The Daily Grind Video

Black skin comes in dark shades, light shades, supple shades with olive undertones and smooth deep browns that hide imperfections. Black skin comes in variety. 

I can easily see the reasons why one would be infatuated with all visual aspects that relate to being black. Versatile hair that coils with care as it grown closer to the Gods, and melanin that tells the tales of rich ancestry, we get it.

But black, just like white, is not a choice. it is not a fashion statement, and by no means is it a prop to be used for a photo shoot. 

Black comes with the black experience, and it is impossible to experience one without the other, and that’s why I can’t get down with blackface, and the fashion world should get over it too!

In case you missed it, the habitual line-walking French magazine Numero decided to pay backhanded homage to “African Queens” with an editorial shoot of the same name. Sounds beautiful, except instead of selecting one of the many white South African models in the industry, or one of the many underworked black models with actual African roots seeking editorial exposure in an industry that doesn’t play in their favor, the magazine chose 16-year-old blond-haired, blue-eyed American Ondria Hardin and put her in black face.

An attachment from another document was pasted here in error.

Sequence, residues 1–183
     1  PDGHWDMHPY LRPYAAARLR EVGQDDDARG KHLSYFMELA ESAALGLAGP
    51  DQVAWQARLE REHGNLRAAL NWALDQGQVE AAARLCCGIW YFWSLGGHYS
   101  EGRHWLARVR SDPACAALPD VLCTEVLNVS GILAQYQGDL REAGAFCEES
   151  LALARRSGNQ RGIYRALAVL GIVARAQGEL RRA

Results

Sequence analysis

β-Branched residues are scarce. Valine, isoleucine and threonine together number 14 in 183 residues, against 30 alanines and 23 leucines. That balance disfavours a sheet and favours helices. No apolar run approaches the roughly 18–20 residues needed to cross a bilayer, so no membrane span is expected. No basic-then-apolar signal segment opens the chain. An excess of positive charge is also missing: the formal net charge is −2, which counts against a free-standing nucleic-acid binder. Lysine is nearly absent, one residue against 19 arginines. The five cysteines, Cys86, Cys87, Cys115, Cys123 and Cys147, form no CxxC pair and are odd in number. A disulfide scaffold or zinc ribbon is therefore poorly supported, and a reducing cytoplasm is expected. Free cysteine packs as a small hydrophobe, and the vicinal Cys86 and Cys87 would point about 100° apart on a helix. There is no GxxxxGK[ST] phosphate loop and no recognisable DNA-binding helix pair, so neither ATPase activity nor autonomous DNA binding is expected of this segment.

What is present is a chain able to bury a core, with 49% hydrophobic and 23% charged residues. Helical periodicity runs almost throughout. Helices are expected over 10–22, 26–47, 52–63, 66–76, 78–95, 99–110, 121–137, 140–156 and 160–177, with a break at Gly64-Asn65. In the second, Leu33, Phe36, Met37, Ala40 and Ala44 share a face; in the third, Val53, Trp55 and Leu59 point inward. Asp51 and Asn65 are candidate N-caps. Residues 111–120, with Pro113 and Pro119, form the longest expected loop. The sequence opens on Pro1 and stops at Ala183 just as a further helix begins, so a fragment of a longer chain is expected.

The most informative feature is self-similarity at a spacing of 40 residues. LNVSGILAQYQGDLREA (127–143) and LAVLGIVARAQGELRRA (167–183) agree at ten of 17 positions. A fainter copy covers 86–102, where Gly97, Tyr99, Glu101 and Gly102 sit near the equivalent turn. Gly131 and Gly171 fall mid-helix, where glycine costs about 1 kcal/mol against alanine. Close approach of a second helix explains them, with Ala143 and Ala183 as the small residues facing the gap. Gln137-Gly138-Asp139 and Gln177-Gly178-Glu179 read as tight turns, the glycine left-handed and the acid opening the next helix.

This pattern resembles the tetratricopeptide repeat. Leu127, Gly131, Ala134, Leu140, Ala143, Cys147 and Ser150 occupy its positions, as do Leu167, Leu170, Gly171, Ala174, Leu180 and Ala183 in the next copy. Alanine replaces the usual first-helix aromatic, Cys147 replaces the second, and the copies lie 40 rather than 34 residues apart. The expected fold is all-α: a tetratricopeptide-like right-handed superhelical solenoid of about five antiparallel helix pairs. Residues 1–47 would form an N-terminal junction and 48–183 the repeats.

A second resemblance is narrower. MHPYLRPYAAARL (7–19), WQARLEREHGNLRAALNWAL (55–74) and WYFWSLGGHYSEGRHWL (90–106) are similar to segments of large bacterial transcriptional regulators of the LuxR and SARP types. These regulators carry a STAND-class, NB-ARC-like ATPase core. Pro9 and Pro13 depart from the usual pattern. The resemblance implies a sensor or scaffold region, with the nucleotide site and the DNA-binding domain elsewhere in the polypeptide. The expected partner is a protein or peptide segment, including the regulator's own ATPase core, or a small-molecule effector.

Black face, skin, hands and feet – in 2013.

The shoot features the model, which was previously one of the young girls involved in Vogue‘s underage model scandal, draped in imperial African garbs complete with a gele and regal jewels.

We find it hard to believe that not one person spoke up about the tastelessness of re-visiting the days of Minstrel shows where white people dressed in black face to portray black people as dim-witted and buffoonish. Not a model, not a creative director, not a photographer. 

Jezebel points out that Ford Models, the agency that reps Hardin, also has a handful of black models on its roster, any of which would have made a more classy selection for the spread than the blonde hair Ondria.

The tasteless offense comes at a time where the fashion industry is struggling to get a grip on diversity and ethic inclusion, as the least diverse New York fashion week in recent history came to a close with less than 13% of the over all model population that hit the runway being minorities.

This is yet another heart breaking example of how the fashion world exploits diversity and turns a deaf ear on the changes the diverse population of fashion consumers is so earnestly begging for.

Black skin is not an accessory that can be washed off, nor is it a prop for a high fashion beauty spread. Fashion may recylce but black face is so 1830 and its offenses will never have a comeback.

Rachel Hislop

Rachel is the Style Editor for, proud graduate of a SUNY school, and as sarcastic as they come. Follow her on Twitter for random daily ramblings @MiissHislop